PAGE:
two months ago, it was conjecture more than anything else. We had very
few statistics referring to the months when things started going
seriously wrong, and not much action either. Since then, figures for
the closing months of 2008 have been coming in, together with opinion
polls, surveys and even some measures. Here is therefore an update.
WHAT THE MACROECONOMIC FIGURES SAY Let us start with the good news,
which will be a short section. Inflation was negative in the last two
months of 2008, so the year ended with a figure of 7.1 % (vs. 7.8 % in
2007), whereas it had been pushing 10 % not so long ago. This in turn
helps those indebted in the indexed UF. Much of this resulted from the
massaging of fuel prices, and the fact that after a sharp fall, the
Chilean peso recovered by over 5 % vs. the U$ in the last two months
of the year. It also means that the 8.2 % average increase in wages in
the years to November actually gives a small increase in real terms.
A word of warning: The reduction in inflation may easily go into
reverse. Importers and shopkeepers had felt uneasy about passing on
the cost of the higher dollar in the weeks leading up to Xmas, and big
ticket sellers such as motor distributors needed to get rid of
overstocking. Once this is out of the way, prices are climbing again.
Personal observations by this analyst in the past week alone, on items
so varied as university fees or shampoo, indicate rises of 15 to 20 %.
Fuel price decreases have already gone into reverse. The residents of
northern Chile have just been told that they can expect a big increase
in electricity bills. The price of foodstuffs, particularly those
based on internationally traded commodities, is also on the up again
(bread prices in Chile are stuck at a record level). International
postal charges went up by 14 % on January 19. Public transport tariffs
in Santiago are also scheduled to be raised. In this context, the
latest inflation estimate for 2009 (3.1 %) appears optimistic. The
Central Bank of Chile, notwithstanding the award of "best in the
region" recently granted upon its president by The Banker magazine, is
notorious for getting its forecasts wrong, even in "normal" times. A
new inflation index is to be introduced in coming months.
The rest is all bad news, which may explain why Ms. Bachelet decided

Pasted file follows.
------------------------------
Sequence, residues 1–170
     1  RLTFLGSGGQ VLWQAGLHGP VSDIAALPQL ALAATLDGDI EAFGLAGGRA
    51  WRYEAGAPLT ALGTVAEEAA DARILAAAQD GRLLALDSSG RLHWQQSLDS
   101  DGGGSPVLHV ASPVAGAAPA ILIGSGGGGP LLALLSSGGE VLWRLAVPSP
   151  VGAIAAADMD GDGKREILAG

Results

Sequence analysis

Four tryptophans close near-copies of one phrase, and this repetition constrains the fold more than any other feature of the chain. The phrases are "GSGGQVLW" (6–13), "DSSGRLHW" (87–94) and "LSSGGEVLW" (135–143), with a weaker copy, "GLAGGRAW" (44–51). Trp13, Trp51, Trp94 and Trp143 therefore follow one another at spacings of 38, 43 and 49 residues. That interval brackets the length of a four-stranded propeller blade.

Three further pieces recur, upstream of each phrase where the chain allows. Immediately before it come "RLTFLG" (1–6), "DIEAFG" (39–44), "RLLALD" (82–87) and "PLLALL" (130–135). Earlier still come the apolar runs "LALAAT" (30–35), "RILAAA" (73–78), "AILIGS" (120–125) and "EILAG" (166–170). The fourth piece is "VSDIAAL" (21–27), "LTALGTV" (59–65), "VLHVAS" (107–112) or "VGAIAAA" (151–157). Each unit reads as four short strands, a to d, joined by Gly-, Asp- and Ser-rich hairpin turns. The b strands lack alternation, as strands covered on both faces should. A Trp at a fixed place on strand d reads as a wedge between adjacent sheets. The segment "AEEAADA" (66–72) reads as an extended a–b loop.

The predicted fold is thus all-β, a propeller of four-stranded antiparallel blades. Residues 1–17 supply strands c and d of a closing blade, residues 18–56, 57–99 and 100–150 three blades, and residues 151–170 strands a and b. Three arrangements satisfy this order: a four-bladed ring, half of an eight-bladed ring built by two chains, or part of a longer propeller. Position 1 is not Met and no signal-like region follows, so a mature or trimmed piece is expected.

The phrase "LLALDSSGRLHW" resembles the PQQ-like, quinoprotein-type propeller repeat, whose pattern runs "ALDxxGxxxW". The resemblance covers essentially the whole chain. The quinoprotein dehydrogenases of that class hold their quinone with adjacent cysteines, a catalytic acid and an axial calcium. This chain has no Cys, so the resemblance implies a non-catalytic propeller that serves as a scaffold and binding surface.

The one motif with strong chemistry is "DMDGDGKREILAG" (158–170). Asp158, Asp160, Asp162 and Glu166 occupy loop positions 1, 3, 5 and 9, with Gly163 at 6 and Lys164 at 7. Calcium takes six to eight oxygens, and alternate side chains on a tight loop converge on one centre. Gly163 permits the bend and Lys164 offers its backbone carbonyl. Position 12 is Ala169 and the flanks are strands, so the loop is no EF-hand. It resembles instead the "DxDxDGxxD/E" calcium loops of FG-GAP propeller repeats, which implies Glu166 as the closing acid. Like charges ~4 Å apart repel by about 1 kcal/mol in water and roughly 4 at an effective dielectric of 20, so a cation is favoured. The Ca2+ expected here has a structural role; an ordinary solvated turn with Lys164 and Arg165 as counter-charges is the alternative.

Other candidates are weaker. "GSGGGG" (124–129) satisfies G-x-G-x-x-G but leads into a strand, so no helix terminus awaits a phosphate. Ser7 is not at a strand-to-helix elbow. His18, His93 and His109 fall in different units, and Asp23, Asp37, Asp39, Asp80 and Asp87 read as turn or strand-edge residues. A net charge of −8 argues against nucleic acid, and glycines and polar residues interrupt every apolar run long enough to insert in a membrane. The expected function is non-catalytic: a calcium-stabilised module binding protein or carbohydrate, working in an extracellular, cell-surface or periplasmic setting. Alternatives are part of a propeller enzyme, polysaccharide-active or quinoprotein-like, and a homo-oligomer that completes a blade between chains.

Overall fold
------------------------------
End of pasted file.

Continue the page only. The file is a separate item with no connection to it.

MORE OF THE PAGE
to give the Davos meeting a miss. Not getting the usual accolades
reserved for miracle workers may be too frustrating. "The best
ambulance driver" award is not really what the country's leaders are
accustomed to receive. The Central Bank's IMACEC activity index,
which tracks over 90 % of GDP, rose by just 0.1 % in November, a 10
year low. Full-year figures are due on February 5. Industrial
Production fell by 5.7 %.
Though the jobless figure as of November marked only a small rise on
last year (+ 0.2 at 7.5 %), massive redundancies are on the way and
even official declarations hit at reaching a double digit figure later
this year. 10,000 jobs have been lost so far in mining alone, mainly
in the small and medium-sized operations that are not profitable at
current metal prices. However, larger mines have now joined the trend,
with BHP Billiton just announcing 2,000 redundancies. The building
industry, a major employer, is on its knees. During October, total new
construction surface authorisations plunged by nearly 45 %, and the
partial figure for November (housing only) mark a 59 % drop.
Greater Santiago property sales were down 34 % in the last quarter,
and 55 % in Concepcion, the country's third largest conurbation.
Year-end figures for unemployment will be available at the end of this
Other labour intensive sectors are also shedding staff. The salmon
industry, already hit by an almost insurmountable virus, is also
facing a drop in demand. The same goes for wine, with November exports
down 11.7 % in volume and 16.4 % in value.
Electricity consumption in 2008 dropped by 0.8 %, the first negative
result in 26 years, whereas overall energy consumption was down 0.4 %.
With the fall in fuel prices, one wonders how much enthusiasm shall
remain from the nuclear energy lobby (even if most of them are
mercenary). There is also a surplus of gas in Bolivia, which despite
denials might be triangulated to Chile through Argentina, at a
fraction of the cost of LPG from the two plans now being built on the
central and northern coasts.
Retail sales in November grew by just 0.5 %, but big ticket items are
being hard hit, despite the offers. In the last quarter of 2008, truck
sales dropped by 29 %, and in December alone, passenger vehicle sales
dropped by 41 %. Major retailers have cancelled up to U$ 1.5 bn of new
The summer tourist months appear to be strong, as many Chileans are
staying at home due to the exchange rate and fears on their future,
whereas Argentine tourists are arriving in droves, with Chilean
inflation being a quarter of theirs, compounded by the fact that the
fall in the Argentine peso was only a third of the Chilean one. The
authorities are doing their best to discourage this small (and
temporary) ray of sunshine, by offering such a poor border crossing
service for Argentine motorists that some are experiencing delays of 8
to 10 hours just to complete formalities. Even if you managed to make
it to the Pacific coast, you would find out that 75 lifeguards in Viña
del Mar had gone on strike because of low pay, the absence of proper
contracts and the lack of suitable equipment to carry out their job.
High-end and adventure tourism, in which Chile had been trying of
carving a market niche, is bound to suffer most. There are already
substantial cancellations from Santiago stopover tourists that embark
or disembark from cruises in Valparaiso and overnight in the capital.
It is only marginally better at the airport where queues are
increasingly reminiscent of Miami airport's International Terminal in
the 1980's. Despite aggressive marketing and discounted fares,
normally unheard of in high season, there are empty seats on most
outgoing flights (particularly in business class, where I saw, through